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WHEREAS, a sufficient land base must exist for agriculture to remain viable in New Jersey; and

WHEREAS, of the approximately 1.7 million acres of remaining undeveloped or unpreserved open space in New Jersey, 805,000 acres are actively devoted to agricultural production; therefore, New Jersey’s farmland is in high demand by developers and others with non-agricultural interests; and

WHEREAS, the Garden State Preservation Trust (GSPT) has provided the State Agriculture Development Committee (SADC) with an average of $86 million annually in new farmland preservation funding for fiscal years 2000-2007; and

WHEREAS, although the GSPT was established as a 10-year program expected to provide funding through fiscal year 2009, depletion of the fund has been accelerated by a number of factors; and it is critical that a stable source of funding for farmland preservation be renewed; and

WHEREAS, the GSPT currently has only approximately $75 million total remaining to fund farmland preservation projects in fiscal year 2008 and beyond; and

WHEREAS, preservation of land is only one component of preserving New Jersey’s farmers and agricultural industry; the Department’s approach to smart growth coordinates farmland preservation efforts with economic development strategies at the county and municipal levels; and

WHEREAS, the Department’s Agricultural Smart Growth Plan includes comprehensive proactive strategies that link the land, products, processing and workforce with marketing opportunities; and the plan encourages proven traditional measures as well as innovative approaches, such as clustering and using alternative wastewater treatment systems to balance the need for both preservation and growth; and

WHEREAS, the plan also opposes large lot zoning and downzoning, two practices that permanently remove the land from agricultural production at an accelerated rate, undermine preservation programs, and erode a farmer’s equity; these actions have a direct, negative impact on the retention of farms and farmers by severely reducing land values and farmland landowner equity; and

WHEREAS, the plan also recognizes long-term land value appreciation as a factor in the continued viability of New Jersey farms; and the maintenance of equity is a key concern for farmers, who use their land’s value as collateral for operating and production loans; and

WHEREAS, the Department of Agriculture’s Smart Growth Working Group has developed a web-based Planner’s Tool Kit that provides municipalities and counties with “hands-on” tools to assist with the implementation of the objectives and strategies of the Agricultural Smart Growth Plan; and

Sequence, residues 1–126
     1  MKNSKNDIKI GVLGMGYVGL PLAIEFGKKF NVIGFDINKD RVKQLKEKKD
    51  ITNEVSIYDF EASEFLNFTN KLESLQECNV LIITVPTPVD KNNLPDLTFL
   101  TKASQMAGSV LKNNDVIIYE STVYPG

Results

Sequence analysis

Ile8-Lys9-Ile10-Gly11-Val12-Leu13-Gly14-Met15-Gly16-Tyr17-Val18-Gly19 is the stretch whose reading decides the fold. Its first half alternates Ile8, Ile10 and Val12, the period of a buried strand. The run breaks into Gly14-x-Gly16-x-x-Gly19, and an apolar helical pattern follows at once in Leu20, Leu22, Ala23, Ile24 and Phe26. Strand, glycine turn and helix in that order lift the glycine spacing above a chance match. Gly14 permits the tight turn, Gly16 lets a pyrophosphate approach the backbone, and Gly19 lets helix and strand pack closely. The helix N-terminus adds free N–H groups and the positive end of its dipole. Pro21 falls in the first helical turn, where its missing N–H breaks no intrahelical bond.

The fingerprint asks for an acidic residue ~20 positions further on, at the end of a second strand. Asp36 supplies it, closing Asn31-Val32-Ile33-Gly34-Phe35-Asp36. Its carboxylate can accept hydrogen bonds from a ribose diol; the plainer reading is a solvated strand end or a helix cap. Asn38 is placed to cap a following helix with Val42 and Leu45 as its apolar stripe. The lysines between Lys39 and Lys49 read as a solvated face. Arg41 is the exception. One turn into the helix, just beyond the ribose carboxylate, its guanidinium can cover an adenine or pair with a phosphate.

WHEREAS, land use concerns of Statewide importance continue to come to the forefront, such as restrictions on impervious cover, which are broadly defined to include any surface that is highly resistant to water infiltration; however, the definition can vary depending upon the defining entity; and

WHEREAS, although outside pressures continue to try to cap the amount of impervious cover on preserved farms, the Department of Agriculture supports a science-based approach that addresses the issue on a site-by-site basis.

NOW THEREFORE BE IT RESOLVED, that we, the delegates to the 92nd State Agricultural Convention, assembled in Atlantic City, New Jersey, on February 13, 2007, endorse the New Jersey Department of Agriculture’s Agricultural Smart Growth Plan and its five-part approach to land use and conservation, balanced with economic development initiatives.

BE IT FURTHER RESOLVED, that we recommend that the Department of Agriculture take a lead role in supporting and advancing equitable and feasible density-transfer methods, including but not limited to clustering, regional growth zones, Pineland Development Credits (PDCs) and transfer of development rights (TDRs) to coordinate preservation planning in conjunction with growth planning.  The Department should also support and advance the use of current and new wastewater technologies to allow for the implementation of sound, innovative planning techniques to assist municipalities and counties with the implementation of the objectives and strategies of the Agricultural Smart Growth Plan. 

BE IT FURTHER RESOLVED, the Department should also explore funding options to advance the development and expansion of agricultural facilities and infrastructure systems. Other statewide initiatives, such as Ag Enterprise Zones, should be explored to stimulate the retention and viability of farms and the businesses that support them.